20 Overused Words and Phrases to Remove from Your Vocabulary
It happened to all of us before. You’re writing a follow-up email, creating a presentation or preparing for a job interview. You want it to sound right, current, eloquent. You add a pinch of slang and spice it up with that idiom you love so much.Then you throw in a buzzword and leave everything to simmer. The result? A mash-up of overused words, terms and phrases. Yes, you followed the instructions. But so did everyone else.
You need to search for an alternative. Try harder—and make it simple at the same time. Confused? The following guide lists some of today’s most overused words, terms and phrases, and suggests a few alternatives (and deletions) instead.
Words that lost their impact
In this day and age, everything is important. Watching the news, eating your greens, taking some time off, and the email you just sent to the entire company. But when describing your weekly team meeting, an item in your hand-luggage or this blog post, try an alternative.
What to use instead: Essential, Educational, Meaningful, Serious, Influential, Decisive.
Whether it’s used in its simple present form, to indicate something that you are fond of (“I like this Asian restaurant”), or as a preposition (“they were like siblings, always hanging out together”), like is overused, over-gestured and over-counted on your social media feed. What’s the alternative? If you loved a piece of art, try describing it. If you notice the similarity between two items, state what they have in common. Not sure?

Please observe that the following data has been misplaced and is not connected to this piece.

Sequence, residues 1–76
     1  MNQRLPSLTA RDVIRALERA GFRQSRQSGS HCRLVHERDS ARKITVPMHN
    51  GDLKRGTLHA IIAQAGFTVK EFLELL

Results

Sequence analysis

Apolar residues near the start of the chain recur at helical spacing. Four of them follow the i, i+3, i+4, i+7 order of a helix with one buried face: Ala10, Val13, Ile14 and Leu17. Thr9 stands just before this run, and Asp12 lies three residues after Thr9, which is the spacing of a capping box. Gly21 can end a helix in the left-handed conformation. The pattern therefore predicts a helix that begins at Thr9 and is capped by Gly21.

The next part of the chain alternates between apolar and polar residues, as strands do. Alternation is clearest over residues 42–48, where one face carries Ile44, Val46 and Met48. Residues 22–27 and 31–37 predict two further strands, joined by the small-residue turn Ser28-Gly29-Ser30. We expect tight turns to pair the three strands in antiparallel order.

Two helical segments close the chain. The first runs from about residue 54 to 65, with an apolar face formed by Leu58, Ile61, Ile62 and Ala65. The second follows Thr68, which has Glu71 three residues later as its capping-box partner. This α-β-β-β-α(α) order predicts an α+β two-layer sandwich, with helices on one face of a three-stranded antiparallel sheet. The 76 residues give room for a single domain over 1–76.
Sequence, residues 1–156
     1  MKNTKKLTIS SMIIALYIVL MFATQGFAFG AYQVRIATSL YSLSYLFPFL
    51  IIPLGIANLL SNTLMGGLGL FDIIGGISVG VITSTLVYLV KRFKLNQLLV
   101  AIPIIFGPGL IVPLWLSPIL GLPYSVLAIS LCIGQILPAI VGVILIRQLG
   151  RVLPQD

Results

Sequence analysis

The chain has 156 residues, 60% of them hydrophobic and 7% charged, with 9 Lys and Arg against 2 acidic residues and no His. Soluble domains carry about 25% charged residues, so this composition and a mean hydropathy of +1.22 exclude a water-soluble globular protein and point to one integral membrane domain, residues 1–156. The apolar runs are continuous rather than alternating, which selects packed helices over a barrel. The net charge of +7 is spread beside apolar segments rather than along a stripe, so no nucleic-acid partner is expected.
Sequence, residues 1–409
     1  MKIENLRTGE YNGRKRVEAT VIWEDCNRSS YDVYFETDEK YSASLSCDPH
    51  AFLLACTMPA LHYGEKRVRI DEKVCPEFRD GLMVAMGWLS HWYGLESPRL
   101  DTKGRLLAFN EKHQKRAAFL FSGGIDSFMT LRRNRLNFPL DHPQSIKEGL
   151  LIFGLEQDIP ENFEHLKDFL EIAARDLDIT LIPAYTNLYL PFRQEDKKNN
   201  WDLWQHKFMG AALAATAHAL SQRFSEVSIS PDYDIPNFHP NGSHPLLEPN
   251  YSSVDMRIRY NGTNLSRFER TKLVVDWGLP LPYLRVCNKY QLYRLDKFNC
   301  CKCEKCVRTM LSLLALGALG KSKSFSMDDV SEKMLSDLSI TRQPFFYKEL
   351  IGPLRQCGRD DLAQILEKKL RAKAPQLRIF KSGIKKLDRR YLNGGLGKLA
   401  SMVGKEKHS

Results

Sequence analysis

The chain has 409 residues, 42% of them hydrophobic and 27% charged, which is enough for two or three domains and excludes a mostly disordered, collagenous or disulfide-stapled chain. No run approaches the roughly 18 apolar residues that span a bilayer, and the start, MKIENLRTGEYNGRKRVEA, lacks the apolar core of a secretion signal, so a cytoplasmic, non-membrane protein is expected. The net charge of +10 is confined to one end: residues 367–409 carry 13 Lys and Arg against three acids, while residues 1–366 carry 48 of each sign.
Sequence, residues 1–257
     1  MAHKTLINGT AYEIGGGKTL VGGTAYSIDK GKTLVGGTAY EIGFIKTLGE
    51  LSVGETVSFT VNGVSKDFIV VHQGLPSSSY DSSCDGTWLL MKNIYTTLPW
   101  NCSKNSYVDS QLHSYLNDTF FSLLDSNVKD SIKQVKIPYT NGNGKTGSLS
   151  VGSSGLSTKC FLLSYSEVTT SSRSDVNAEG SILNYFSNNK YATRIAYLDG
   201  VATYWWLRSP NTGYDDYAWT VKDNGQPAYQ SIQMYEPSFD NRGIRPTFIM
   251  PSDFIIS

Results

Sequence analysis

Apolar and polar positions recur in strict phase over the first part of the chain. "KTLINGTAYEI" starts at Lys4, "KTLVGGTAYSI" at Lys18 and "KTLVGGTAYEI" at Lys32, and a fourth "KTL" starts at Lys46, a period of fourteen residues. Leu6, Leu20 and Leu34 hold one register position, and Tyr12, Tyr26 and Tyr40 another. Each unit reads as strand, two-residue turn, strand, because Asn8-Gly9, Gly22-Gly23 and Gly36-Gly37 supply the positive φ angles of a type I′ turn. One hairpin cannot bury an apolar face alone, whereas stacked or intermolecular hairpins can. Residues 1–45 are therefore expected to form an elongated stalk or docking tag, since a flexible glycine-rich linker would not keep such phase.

What to use instead: Alike, Related, Close, Equal, Identical, Much the same.
Even if you go by the widest definition of random: “a haphazard course; [...] without definite aim, direction, rule, or method” (Merriam-Webster Dictionary), you’re likely to either misuse or overuse it. If you haven’t paid for a premium subscription on a music streaming app, the songs in your favorite album will play randomly. But when you go on a road trip and stop by the first cafe you saw, it’s not a random cafe, it’s the one you found.
What to use instead: Accidental, Arbitrary, Incidental, Irregular, Unplanned, Odd.
A better alternative? Delete random altogether.
Literally just sounds great, doesn’t it? You’re literally going to march up to your manager, you literally drank the entire bar, you’re literally dying there. Here’s the deal: You’ve been using literally the wrong way all along. According to the Merriam-Webster Dictionary, literally means “in a way that uses the ordinary or primary meaning of a term or expression”. So unless you just finished all the alcohol in the bar the other night, or were in a near-death situation, try avoiding this word altogether.